Over the past 3 months, No Labels has had many, many meetings across the country, so national teleconferences and webcasts, most small groups like the one that will meet for the 4th time here in Denver May 1.

It seems to me the No Labels idea holds great promise. It may prove to be a great way here in Colorado to encourage the participation of newcomers in our wonderful Colorado Caucuses in 2012.

Jane McGonigal's new book Reality Is Broken: Why Games Make Us Better and How They Can Change the World is being widely reviewed, I think we'll be hearing more about McGonigal and her insight into games and how they make us more productive. Games help us grow because they create positive emotions, strengthen relationships, provide meaning, and give us a sense of accomplishment.

At it's best, isn't politics really the biggest game? Colorado Caucuses, our wonderful bi-annual, neighborhood, grassroots system for nominating to the primary ballot is the best chance the average person has for serving in elected public office.

Seems to me the No Labels movement can help strenthen in by helping more newcomers to get involved, creating more informed participation in the spring of 2012 when we will be gathering in over 3,000 neighborhoods across Colorado for the 50th time since the system started in 1912 as part of the Teddy Roosevelt reforms.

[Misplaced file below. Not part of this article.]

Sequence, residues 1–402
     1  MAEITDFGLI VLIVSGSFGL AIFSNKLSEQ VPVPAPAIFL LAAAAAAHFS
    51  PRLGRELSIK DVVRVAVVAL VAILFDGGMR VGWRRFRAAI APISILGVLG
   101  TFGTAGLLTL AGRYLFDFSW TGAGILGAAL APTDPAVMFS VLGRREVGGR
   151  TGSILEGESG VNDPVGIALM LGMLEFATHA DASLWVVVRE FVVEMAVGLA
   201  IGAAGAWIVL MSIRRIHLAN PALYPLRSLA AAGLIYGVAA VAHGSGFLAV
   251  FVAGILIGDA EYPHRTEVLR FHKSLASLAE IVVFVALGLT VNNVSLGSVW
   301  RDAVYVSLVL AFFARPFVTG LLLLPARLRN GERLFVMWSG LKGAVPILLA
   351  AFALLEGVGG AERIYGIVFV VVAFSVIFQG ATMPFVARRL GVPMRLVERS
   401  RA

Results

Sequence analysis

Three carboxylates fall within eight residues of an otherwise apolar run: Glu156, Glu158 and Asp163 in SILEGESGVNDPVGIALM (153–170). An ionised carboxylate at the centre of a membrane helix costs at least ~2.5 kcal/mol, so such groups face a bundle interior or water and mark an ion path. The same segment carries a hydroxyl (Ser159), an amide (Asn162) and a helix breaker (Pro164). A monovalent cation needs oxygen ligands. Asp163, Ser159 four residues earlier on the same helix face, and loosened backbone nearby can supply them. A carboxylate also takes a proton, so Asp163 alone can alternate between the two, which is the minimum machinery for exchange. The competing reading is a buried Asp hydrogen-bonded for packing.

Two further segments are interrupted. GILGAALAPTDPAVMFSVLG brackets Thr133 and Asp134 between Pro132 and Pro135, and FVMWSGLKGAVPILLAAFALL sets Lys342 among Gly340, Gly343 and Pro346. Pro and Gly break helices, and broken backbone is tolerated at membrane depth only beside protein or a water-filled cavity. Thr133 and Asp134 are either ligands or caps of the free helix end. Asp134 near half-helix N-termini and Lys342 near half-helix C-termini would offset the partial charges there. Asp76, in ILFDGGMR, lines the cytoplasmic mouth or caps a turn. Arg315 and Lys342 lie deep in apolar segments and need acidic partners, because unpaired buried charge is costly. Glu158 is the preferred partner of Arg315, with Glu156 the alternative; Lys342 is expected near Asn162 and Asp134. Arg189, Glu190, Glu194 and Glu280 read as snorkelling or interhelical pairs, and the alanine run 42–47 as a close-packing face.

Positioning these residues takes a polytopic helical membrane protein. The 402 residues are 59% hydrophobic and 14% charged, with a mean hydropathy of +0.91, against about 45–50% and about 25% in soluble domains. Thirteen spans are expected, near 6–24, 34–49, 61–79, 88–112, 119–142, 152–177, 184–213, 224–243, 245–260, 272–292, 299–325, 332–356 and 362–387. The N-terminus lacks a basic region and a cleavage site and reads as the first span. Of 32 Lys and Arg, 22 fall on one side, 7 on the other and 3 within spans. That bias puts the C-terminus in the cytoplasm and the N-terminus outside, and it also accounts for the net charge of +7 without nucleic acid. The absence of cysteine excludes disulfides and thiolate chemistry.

Will you help us? Contact me if you'd like more information about what we are doing and what help is needed now.

Saturday, March 12, 2011

6 things I'd like to discuss with you: (Your feedback as a comment here would be much appreciated):

1.  We had a great meeting yesterday at the Denver IDEA Cafe.

My friend Roger Grandy shared about his experience growing up in Chicago, starting his career, and how he found the job he has now, 34 years later. Roger was out of work and really needed a job 34 years ago. He'd gone through some big personal problems, and was doing some temporary work at the Denver Merchandise Mart. He was told to not hang up a sign for one booth, they had just lost their rep. He contacted the company, and got the job on the strength of his contact at the Merchandise Mart, and he's still working for the same company all these years later, today part-time in semi-retirement. 

We waived the usual confidentiality request because Robert Schwab was with us. He's for former editor of the Colorado Business Magazine, and I think you'll see him write something about yesterday's meeting on his blog, he took the time to get the correct spelling of the names of people attending.